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Understanding Fear In Dogs

When we think of a scared dog, what usually comes to mind is a trembling animal hiding in a dark corner or under the bed, whining, his tail tucked. Nonstop barking doesn’t often make the list. Nor do shredding of clothes, gnawing through window frames, or growling and lunging at visitors. But these can all be symptoms of fear in dogs. Fear-based behaviors vary so widely that we frequently don’t recognize them as fear-based. Instead we think the dog is being stubborn or naughty or is trying to run the household (the long-discredited dominance theory), which means we end up trying to solve the wrong problem. Clues in canine body language can help us identify fear and anxiety—fear-based behaviors always come with some physical, postural giveaways. It might be muscle tension, a tightly closed mouth or one wide open showing all the teeth, crouching, dilated pupils, yawning, ears held back,

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Getting Real With Your Dog

One of the most frequent sources of frustration in dog training? Unrealistic expectations. Dogs’ intelligence shines through in so many ways that we tend to ascribe them decidedly human cognitive skills, such as the ability to understand complex sentences. It’s what some dog trainers refer to as “the Lassie syndrome.” If you often find yourself frustrated with your dog, here’s a primer on what it takes to create a Lassie: Patience. One basic training class won’t do it. The calm, attentive pooches you see on TV picking up slippers and opening doors? They have spent years in training. You wouldn’t expect a child to become a piano virtuoso after one semester of classes, right? Repetition. Dogs don’t generalize well. This means they need to learn the same lesson—don’t jump on people, for example—in many different settings before they grasp that we’d always prefer them to greet visitors politely, not just

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Treibball

Pronounced “try ball,” this fun new dog sport was born in Germany in the mid-2000s when a Dutch hunting and herding dog trainer, Jan Nijboer, wondered if he could teach high-energy dogs to play soccer. The game boils down to getting your dog (or a team of dogs) to push large exercise balls across a field into a goal. While herding-type dogs and dogs who love chase games are natural Treibball contenders, dogs of any age and breed can take part. As with all dog sports, some foundational skills are important. For Treibball, it’s an advantage if your dog knows sit, down, left, right, and object targeting. Playing the game is simple. Arrange eight exercise balls (some play with fewer) in a triangle in the center of your field and set up kid-sized soccer goals or mark the goal zone with orange traffic cones. The dogs—with handlers using commands like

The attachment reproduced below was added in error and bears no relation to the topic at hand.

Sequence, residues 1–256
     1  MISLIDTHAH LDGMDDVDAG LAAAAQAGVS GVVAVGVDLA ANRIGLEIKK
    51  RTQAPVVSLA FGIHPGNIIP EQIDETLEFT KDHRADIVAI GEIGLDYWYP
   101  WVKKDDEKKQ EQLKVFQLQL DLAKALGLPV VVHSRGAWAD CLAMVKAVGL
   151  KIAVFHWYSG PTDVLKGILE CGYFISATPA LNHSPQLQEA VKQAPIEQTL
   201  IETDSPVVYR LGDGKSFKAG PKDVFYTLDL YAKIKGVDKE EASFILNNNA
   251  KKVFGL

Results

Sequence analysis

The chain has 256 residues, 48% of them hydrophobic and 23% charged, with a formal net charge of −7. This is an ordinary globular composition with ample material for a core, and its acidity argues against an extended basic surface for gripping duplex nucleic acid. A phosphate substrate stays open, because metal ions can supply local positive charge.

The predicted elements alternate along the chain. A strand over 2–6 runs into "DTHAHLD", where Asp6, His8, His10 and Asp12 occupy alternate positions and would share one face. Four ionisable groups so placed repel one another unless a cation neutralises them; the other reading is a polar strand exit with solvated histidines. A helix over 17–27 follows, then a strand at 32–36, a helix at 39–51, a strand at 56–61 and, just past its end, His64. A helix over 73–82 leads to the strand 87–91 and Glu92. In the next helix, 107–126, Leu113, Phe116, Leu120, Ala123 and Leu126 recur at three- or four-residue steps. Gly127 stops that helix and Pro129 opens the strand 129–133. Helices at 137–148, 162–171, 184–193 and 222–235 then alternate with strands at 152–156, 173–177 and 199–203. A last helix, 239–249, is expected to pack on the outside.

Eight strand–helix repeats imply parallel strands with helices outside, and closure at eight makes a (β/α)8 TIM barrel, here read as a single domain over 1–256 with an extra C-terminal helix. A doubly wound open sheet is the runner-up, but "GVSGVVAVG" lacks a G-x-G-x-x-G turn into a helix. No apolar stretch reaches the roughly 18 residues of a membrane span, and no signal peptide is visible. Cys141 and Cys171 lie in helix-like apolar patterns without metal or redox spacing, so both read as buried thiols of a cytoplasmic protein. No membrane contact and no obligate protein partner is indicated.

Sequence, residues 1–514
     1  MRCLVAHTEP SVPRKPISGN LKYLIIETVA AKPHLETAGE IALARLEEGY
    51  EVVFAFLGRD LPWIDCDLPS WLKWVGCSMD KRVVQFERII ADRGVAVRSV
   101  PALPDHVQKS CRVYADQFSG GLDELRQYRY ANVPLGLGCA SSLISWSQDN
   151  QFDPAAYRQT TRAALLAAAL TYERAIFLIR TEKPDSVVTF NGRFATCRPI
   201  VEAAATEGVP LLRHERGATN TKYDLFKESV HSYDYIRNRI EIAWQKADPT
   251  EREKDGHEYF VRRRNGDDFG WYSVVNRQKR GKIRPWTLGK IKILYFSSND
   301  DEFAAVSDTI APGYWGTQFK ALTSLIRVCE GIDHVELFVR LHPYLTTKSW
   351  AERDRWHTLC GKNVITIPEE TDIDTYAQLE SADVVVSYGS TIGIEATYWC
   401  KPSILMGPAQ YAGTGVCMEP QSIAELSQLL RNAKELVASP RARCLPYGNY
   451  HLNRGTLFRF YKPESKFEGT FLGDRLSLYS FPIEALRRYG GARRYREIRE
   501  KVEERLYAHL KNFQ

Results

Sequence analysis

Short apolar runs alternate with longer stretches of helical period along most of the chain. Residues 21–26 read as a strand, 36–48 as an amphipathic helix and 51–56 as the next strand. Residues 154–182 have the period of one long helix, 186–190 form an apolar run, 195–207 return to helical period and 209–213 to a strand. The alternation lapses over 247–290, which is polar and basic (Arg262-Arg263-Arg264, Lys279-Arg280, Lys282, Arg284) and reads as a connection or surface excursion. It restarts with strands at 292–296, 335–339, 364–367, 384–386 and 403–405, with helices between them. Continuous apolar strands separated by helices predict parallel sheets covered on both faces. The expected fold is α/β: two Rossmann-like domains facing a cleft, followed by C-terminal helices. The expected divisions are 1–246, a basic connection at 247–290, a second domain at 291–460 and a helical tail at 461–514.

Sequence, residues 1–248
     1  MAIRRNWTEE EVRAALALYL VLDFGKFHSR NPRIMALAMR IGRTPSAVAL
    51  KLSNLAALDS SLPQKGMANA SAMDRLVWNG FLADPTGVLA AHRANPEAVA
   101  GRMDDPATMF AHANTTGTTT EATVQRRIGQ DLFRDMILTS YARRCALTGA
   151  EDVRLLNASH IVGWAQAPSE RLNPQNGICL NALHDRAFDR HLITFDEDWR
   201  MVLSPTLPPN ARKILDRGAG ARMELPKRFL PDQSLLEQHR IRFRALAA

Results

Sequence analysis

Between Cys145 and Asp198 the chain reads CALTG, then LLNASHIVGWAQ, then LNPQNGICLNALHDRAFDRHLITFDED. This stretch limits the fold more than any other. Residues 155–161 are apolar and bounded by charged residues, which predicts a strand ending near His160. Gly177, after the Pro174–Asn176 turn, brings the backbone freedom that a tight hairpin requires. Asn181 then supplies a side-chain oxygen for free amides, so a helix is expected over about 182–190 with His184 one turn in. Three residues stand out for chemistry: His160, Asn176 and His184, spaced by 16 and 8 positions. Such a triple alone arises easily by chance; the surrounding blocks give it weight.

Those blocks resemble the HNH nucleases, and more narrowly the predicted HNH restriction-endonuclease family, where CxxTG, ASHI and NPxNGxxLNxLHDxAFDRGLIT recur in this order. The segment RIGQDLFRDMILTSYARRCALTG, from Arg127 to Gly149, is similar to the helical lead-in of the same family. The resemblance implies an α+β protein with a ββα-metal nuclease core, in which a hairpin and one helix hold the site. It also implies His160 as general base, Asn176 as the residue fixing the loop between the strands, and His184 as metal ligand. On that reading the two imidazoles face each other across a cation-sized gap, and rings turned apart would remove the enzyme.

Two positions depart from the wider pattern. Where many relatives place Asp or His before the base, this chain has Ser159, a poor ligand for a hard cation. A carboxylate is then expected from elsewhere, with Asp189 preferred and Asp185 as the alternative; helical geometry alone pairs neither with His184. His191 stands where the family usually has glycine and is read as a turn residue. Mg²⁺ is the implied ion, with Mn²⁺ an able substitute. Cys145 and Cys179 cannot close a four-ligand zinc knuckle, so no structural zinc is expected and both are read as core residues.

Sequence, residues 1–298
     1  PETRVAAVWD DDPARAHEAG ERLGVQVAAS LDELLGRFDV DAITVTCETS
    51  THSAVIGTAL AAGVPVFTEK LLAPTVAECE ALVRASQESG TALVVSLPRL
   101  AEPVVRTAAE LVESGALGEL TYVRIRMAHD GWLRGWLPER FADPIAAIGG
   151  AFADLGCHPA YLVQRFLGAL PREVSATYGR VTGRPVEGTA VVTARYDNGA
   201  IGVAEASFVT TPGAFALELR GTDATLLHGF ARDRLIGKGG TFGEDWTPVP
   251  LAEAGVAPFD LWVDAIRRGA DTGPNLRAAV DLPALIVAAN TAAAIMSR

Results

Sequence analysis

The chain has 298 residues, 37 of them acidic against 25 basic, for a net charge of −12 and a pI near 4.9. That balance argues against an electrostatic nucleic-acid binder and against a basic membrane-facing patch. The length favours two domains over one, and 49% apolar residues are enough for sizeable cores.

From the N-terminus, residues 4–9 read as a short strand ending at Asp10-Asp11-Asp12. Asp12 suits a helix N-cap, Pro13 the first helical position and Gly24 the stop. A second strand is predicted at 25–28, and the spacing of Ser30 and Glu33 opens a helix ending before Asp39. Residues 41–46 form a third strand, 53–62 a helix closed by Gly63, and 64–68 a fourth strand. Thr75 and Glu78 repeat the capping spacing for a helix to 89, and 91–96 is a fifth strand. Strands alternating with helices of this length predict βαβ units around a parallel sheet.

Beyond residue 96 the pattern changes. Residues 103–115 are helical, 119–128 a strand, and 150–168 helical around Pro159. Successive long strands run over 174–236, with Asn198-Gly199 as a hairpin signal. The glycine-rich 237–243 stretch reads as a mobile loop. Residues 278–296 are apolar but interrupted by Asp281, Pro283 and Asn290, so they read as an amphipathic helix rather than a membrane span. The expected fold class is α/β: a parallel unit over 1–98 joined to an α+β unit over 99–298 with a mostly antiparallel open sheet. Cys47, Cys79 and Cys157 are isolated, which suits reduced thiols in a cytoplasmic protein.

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The English Cocker Spaniel

This dapper little gun dog was originally bred for flushing and retrieving small game. Don’t be fooled by her melting spaniel eyes and soft, feathery coat: the Cocker is an all-terrain dog and can be a handful to live with. Exuberant, strong-willed, and energetic, she needs lots of exercise and careful training. Cockers love having a job—something scent-related, preferably, otherwise anything demanding will do: agility, obedience, flyball, canine disc, etc. The well-socialized Cocker is affectionate and wants to be part of all family activities. Beware the noise, though, she’s quick to alert to doorbells. (A Cocker Spaniel holds the world record for the most persistent barking: 907 times in ten minutes.) With her soulful expression, the Cocker is popular in arts and entertainment too, most famously in Disney’s enduring 1955 animated classic, Lady and the Tramp.   To give an English Cocker Spaniel a home, search online for nearby rescues.

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Arson Dogs

  For more than 12,000 years, dogs have worked alongside humans. They have herded our livestock, hunted with us, and pulled us across otherwise impassable frozen expanses. Most modern dogs are companions, of course, but those who do work have ever more extraordinary job descriptions. Accelerant-detection is one example. Arson dogs work with fire investigative units to sniff out minuscule amounts of anything from lamp oil to lighter fluid (they can detect more than 60 different ignitable petroleum-based hydrocarbons) in scenes flooded with water or covered in snow or mud. They use their 200 million scent receptors (compared to our 5 million) to help investigators accurately assess the flammable products present at a fire scene and increase the chances of collecting a positive sample. This can help rule arson in—or out. With billions of dollars in property and hundreds of lives lost every year as a result of intentionally set